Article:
What people can learn from an underrated Zurich hockey team

The allegedly impossible happened a week ago: Tuesday evening, April 17th, 2012. Steve McCarthy, defender of the ZSC Lions took the decisive shot for a goal that would make his team the Swiss hockey champion two seconds before the end of the regular game time and the logical announcement of a subsequent overtime. He scored. The game was over. The Lions from Zurich were declared champions in Europe’s largest hockey arena, home of their competitors SC Bern. Why is the happening worth mentioning? Because it is one of the most fascinating and impressive stories in the history of Swiss hockey. And because it offers a simple recipe of life.
Looking back at the regular season, the Lions had been struggling hard for long periods. Not only didn’t they find any effective ways to compete against formally stronger teams, but they also indulged themselves in too many mistakes against real underdogs. Throughout the year, they collected 77 points out of 50 games, which put them at risk of not even qualifying for the playoffs, the crucial knock-out stage where several teams play for the actual championship title. Nobody would have been surprised if the Lions dropped out at that point, but they managed to qualify just barely. The playoffs began. And this is when the underdog from Zurich started to shock their opponents one by one.

After eliminating the reigning champion (Davos) in the first round and the winner of the regular season (Zug) in the second round, they had to face Bern in the finals. Experts were in agreement that the Bears from the capital city had the league’s best roster at their disposal, which became evident once the two teams started to play against each other. The first team with four victories would win the championship. Bern led with 3-1. At that point of the series, nobody would have even put one penny on the Lions. Too many factors suggested an easy win by their mighty and forceful opponent. But everything came out differently. Zurich managed to turn the tables and decide the series with a strong morale, an iron will, continuous persistence, and three consecutive victories. Such a rise, from an abortive season to the most unexpected champion in decades, wasn’t even expected by some of the most optimistic and enthusiastic Lions supporters.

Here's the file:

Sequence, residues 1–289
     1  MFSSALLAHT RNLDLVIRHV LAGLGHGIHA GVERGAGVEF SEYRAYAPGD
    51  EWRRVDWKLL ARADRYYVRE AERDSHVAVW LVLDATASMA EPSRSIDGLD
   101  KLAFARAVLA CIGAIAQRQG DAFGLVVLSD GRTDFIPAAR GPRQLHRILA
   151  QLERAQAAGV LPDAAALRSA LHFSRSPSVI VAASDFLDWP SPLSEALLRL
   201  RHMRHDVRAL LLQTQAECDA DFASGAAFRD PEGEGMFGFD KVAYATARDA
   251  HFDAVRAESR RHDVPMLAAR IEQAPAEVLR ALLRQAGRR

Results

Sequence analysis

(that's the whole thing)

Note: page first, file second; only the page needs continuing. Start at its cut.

Here is what Bob Hartley, the winning trainer, had to say after the already mentioned final game: “That’s the image of our season. We win it in the last two seconds. What a crazy team, but that’s who we were. They battled hard all year and they believed that we could do it. And I challenged them that we would shock the Swiss hockey world, and we did. I’m very proud of my boys. The ones who believed were in our organization and that’s where it matters. Hopefully we showed people a great lesson of life: do never quit, do always persevere. And you know what, two point some seconds left, that’s unreal.”

The only place where success comes before work is in the dictionary. The young team from Zurich understood the performance culture Bob Hartley has been known for in a long time. A friend of mine told me recently that some of the best things are found from tempered persistence and level-headed practicality. The Lions demonstrated this thought in an impressive way. I have never been an enthusiast for idealistic quotes and overdoses of optimism, but this example shows that Winston Churchill used to share a good amount of truth with the world:  “The positive thinker sees the invisible, feels the intangible and achieves the impossible.” He can’t be too wrong about that.

Advertisements

Leave a Reply

Fill in your details below or click an icon to log in:

WordPress.com Logo

You are commenting using your WordPress.com account. Log Out / Change )

Twitter picture

You are commenting using your Twitter account. Log Out / Change )

Facebook photo

You are commenting using your Facebook account. Log Out / Change )

Google+ photo

You are commenting using your Google+ account. Log Out / Change )

Connecting to %s